Life at SCANCOR

Tips and ideas from postdocs for incoming scholars

Arno Kourula and Arto Huuskonen
Arno Kourula and Arto Huuskonen, Photo: J. Björkdahl, 2011

Here are some reflections and opinions of SCANCOR postdocs to help incoming SCANCOR scholars orient themselves.  We plan to update the document periodically, so let us know if you have additional information that could be useful to SCANCORians.

Arno Kourula, Maja Lotz, Sara Värlander, Arild Waeraas

From Visiting Scholars


Welcoming reception

SCANCOR, a unique gateway to Stanford and the possibility to network, share, engage with and learn from other scholars, researchers and students in all a kinds of academic fields both at SCANCOR and Stanford as a whole.  Academically: Be prepared and know what you want to use your stay at SCANCOR for. There is no so-called usual way to do things or structure to step into, so it is entirely up to you. The openness can be a challenge but is most of all a gift to explore. Concentrate on your work, and network with people within your field of interest. Even if you plan well be prepared that it will be different and you don’t know all the great possibilities beforehand.

In terms of practicalities, the first weeks after arrival is getting everything settled with housing, finances, transport etc. The SCANCOR guide is very helpful! 

Rikke Dalsted, University of Copenhagen, Denmark


Big Game. Photo: Anniina Autero

My stay at SCANCOR and Stanford has been both challenging and exciting, but most of all immensely rewarding and inspiring. Here I have established contacts that will be important for my future work. My primary advice to incoming SCANCOR researchers is to leave as many obligations and commitments to your home institution as possible, so that your main focus is on what's going on here at Stanford – and in the BayArea. The possibilities for academic input and exchange here are enormous!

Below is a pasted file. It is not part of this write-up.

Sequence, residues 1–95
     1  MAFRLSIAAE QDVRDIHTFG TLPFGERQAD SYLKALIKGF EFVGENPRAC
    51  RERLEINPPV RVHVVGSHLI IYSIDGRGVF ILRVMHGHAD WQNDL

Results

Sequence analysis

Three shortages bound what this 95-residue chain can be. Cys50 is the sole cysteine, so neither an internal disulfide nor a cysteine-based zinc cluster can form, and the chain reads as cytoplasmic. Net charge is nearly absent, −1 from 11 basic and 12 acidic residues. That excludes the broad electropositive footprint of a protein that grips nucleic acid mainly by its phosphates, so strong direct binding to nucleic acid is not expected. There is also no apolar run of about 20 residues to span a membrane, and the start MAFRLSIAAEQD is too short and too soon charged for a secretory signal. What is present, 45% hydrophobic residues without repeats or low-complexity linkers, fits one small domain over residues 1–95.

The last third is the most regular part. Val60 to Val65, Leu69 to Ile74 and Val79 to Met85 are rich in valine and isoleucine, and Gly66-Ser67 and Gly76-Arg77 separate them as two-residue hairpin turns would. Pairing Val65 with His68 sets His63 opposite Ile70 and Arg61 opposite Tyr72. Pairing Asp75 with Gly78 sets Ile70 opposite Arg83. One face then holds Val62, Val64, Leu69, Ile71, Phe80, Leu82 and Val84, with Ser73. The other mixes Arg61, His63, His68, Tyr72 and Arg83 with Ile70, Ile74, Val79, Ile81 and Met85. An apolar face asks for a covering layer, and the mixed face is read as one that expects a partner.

Make sure to challenge yourself and seize the opportunity to meet and discuss with people who previously were only names on a title page.

There is no doubt that moving overseas takes a lot of effort. Expect it to take at least a couple of weeks to settle in and get your everyday life organized. The move away from familiar surroundings at home will guraranteed trigger new ideas, and provide new perspectives on your research. A huge advantage of being associated with SCANCOR is that you get to know colleagues to discuss and share the experiences of visiting Stanford. Through the regular weekly seminars SCANCOR scholars also become familiar with each other's work, hence providing valuable common ground for discussions.

Siri Øyslebø Sørensen, Norwegian University of Science and Technology (NTNU)

SCANCOR/Stanford is a unique place for reflection and learning. To paraphrase Matt Ridley in his book The Rational Optimist: "Stanford is a place where ideas can have sex ". To benefit from this stimulating environment you must come prepared. Not only in practical terms but mentally. My best advice before you arrive is to set goals for your stay and develop a game plan for getting there. For doctoral scholars: how far will you move your dissertation? For Postdocs: which articles from your dissertation will you submit and where? For senior faculty: how can you further your own development and contribute to others development. SCANCOR/Stanford is a very fertile place for creative thinking. You will be exposed to many talented people who willingly will share and develop their idea with you. Use the opportunity to advance your own thinking with these talented people. Trust me: it is a unique experience! 
 


Tor W. Andreassen

Professor, Chair, Department of Marketing

Associate Dean MSc program in Marketing

BI Norwegian Business School

 

 

From an affiliated Visiting Scholar:

Life at SCANCOR potentially offers invaluable rewards, but it could also turn out to be an expensive and tedious experience - it all depends on how you approach it. From personal experience and observation I have drawn three lessons on how to have a meaningful stay here.